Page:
When the LORD rescued Israel from slavery in Egypt centuries earlier, he had instructed the population to commemorate the rescue annually by celebrating the Passover in a national meeting at Jerusalem. However, Passover was only celebrated occasionally and half-heartedly. Hezekiah was determined to follow the LORD's instructions completely.

He had come to office just two weeks before Passover, and since it took more than two weeks to prepare the temple, it was not possible to observe Passover on schedule. But Hezekiah didn't want to lose the momentum of the revival by waiting till next year. There was an ancient law2 that someone who was unable to celebrate Passover at the usual time should celebrate it a month late. Hezekiah and his staff decided to invoke this law on behalf of the entire nation.

Since Passover was to be celebrated by all Israelites, Hezekiah sent invitations to every town in his own kingdom of Judah, and also in neighboring Israel. This forage into Israel was a crucial last-minute attempt by the LORD to secure their repentance, for Israel, long committed to evil, was destroyed just three years later. Only a few people of Israel came.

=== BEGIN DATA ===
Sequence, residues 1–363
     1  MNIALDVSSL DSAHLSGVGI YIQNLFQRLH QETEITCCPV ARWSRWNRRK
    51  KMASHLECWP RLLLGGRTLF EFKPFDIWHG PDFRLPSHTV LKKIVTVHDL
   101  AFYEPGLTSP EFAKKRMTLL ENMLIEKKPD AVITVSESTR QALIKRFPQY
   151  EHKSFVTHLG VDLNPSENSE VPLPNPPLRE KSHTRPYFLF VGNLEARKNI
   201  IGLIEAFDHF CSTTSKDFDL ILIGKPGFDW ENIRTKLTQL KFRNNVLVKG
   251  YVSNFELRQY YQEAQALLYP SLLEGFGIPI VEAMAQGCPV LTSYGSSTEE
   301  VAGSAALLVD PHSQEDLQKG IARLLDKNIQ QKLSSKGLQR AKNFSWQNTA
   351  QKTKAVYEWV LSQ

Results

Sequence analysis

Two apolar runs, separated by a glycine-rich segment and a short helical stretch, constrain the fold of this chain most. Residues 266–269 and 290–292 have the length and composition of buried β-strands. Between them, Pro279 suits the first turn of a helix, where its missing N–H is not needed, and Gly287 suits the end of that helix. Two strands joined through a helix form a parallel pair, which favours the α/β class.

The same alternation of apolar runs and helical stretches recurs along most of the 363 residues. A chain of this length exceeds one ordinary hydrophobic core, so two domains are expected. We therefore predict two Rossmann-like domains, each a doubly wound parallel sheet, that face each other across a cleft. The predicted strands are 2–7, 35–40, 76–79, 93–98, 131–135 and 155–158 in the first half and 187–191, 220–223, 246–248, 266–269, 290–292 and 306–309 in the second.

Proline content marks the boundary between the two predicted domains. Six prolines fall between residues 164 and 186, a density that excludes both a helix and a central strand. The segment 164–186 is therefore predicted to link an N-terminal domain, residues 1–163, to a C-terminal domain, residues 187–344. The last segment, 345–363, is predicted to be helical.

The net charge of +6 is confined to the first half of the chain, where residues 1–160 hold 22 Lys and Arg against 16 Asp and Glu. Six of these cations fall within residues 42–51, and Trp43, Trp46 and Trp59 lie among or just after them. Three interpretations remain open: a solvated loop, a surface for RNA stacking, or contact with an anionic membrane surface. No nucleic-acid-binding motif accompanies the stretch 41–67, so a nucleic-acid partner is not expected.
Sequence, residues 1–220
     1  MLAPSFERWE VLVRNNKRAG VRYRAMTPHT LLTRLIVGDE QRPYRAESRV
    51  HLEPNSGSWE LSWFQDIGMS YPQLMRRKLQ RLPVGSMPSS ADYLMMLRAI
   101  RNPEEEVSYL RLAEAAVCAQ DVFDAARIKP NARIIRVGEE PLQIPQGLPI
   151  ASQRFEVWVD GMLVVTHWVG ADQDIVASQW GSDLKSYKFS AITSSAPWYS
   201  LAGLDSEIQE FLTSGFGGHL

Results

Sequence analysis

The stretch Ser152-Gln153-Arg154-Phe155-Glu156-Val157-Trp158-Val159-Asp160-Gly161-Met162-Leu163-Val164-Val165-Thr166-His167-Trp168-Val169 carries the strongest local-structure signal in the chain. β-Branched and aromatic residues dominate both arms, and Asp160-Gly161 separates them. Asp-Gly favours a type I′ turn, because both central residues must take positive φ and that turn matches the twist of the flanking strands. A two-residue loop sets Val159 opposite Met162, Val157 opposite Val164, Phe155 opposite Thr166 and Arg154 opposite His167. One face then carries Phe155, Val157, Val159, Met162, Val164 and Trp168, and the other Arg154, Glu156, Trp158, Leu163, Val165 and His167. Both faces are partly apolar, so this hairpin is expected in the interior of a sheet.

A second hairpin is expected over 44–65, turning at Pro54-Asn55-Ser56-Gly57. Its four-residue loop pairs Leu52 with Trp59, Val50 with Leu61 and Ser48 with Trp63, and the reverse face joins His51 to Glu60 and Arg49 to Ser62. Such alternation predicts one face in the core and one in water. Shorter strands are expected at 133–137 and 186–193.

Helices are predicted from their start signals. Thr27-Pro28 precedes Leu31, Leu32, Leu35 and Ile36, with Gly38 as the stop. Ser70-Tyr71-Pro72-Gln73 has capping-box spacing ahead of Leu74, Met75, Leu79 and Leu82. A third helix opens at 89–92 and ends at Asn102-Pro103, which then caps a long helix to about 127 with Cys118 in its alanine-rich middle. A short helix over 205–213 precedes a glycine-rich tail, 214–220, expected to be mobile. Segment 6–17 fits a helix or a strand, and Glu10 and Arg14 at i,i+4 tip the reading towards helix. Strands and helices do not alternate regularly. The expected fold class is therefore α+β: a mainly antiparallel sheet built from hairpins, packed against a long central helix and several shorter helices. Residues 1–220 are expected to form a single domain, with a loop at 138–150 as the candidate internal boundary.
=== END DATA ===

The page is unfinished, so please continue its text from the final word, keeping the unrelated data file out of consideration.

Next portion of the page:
However, the people of Judah flocked to Jerusalem en masse, under the command of the charismatic Hezekiah. In preparation, the population cleared the entire city of its places of idol worship. The Passover lamb was sacrificed, the week-long Feast of Unleavened Bread observed, and the public celebrated so intensely that they refused to quit, extending the festival for an extra week. The LORD showed his support by forgiving, at Hezekiah's request, some protocol violations committed by people who were whole-hearted but uninformed, having never celebrated a Passover before.

After the Passover, King Hezekiah sent the population home with instructions to comb the land, destroying all the pagan shrines, and also the local shrines built for the LORD, for the LORD had long ago forbidden worship in local shrines, requiring pilgrimages to Jerusalem instead.3 This shows Hezekiah's extreme commitment, for of many kings it is recorded that they eliminated pagan shrines but not the local shrines of the LORD. The shrines were eliminated, and the people returned home.

Hezekiah even destroyed the bronze serpent. Centuries ago, there had been an infestation of poisonous serpents. In response, God had instructed Moses to build the bronze serpent. Anyone bitten could go to the center of the camp, look at the bronze serpent, and in response to their faith, God would heal their fatal bite. But now, people were using the bronze serpent as an idol, and so Hezekiah destroyed it.

Source: 2 Kings 18:1-8; 2 Chronicles 29 - 31